My brother has a huge “beer belly” but he doesn’t even drink beer, or any other kind of alcohol, for that matter. He is, however, overweight. He has always been a big guy, but when he was younger and in the Marines, he had a lot of muscle. Now it’s all fat.
Men have a tendency to gain weight in the stomach area, while women put it on their thighs and rear end. The belly fat is probably the worst kind, but it’s all unhealthy. But there’s another kind of fat that is far more dangerous. This is called internal fat. It’s the fat that builds up around your internal organs. Fat people have it, but skinny people have it as well.
My grandmother used to say that my grandfather had fat “around the heart.” She knew nothing about medicine and way back then, even doctors probably didn’t know about internal fat, but she was dead on. My grandfather probably did have it. Internal fat is so dangerous because most people that have it, also have fat in their arteries as well. And that can lead to heart attack and stroke.
Besides the obvious coronary health risks, internal stomach fat also carries an additional risk : It may be bad for your bones. According to Medical News Today:
“Excessive abdominal fat, also known as intra-abdominal fat, and informally as belly or tummy fat, can be bad for bone health, researchers from Harvard Medical School revealed at the annual meeting of the Radiological Society of North America in Chicago.”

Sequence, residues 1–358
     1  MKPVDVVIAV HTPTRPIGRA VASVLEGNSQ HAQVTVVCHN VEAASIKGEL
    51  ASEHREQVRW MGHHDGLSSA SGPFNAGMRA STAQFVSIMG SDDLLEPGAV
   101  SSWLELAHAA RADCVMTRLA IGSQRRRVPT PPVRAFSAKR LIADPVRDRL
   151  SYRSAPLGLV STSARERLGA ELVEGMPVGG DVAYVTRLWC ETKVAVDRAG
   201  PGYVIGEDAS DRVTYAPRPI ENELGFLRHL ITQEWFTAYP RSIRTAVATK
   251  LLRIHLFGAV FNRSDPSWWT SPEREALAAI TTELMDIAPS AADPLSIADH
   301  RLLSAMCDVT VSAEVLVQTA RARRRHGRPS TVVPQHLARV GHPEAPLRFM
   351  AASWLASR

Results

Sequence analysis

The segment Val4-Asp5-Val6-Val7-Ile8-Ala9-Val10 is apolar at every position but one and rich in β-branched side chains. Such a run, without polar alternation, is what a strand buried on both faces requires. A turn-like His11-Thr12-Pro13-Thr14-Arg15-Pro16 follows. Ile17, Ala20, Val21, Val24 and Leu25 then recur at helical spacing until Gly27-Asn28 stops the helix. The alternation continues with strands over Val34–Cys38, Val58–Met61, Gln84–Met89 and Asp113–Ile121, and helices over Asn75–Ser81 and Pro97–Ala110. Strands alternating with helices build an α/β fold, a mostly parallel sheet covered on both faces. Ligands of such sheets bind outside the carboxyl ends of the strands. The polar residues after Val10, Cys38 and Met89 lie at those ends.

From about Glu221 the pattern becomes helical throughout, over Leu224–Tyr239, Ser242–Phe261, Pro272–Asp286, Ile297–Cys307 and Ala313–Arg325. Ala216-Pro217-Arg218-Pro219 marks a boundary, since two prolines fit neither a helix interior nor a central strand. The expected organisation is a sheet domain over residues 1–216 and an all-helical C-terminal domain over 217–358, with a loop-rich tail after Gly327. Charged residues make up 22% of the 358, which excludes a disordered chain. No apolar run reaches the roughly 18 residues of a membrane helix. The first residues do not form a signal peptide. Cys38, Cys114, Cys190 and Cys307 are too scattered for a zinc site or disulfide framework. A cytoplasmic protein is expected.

The findings contradict the established medical belief that obese women are less likely to develop osteoporosis. The visceral body fat is located deep in the abdominal region, under the muscles. How much internal body fat we have depends on several factors: our genes, the kind of diet we eat, and the level of physical activity we have.
During the the research, the doctors found out that the women with the most internal fat in the abdominal region, also had the most fat in their bone marrow and less bone density than the women with less internal abdominal body fat. The loss of bone density could eventually lead to osteoporosis. The researchers are now busy studying visceral body fat in male subjects to see if it also contributes to bone loss.
The bottom line here is that whether in males or females, it’s one more disease that is caused primarily by unhealthy lifestyles. Eating more low-fat, low carbohydrate foods, and getting more exercise, in other words, a healthy lifestyle, can do so much in reducing these metabolic diseases that have become so prevalent in our society that they are almost epidemic.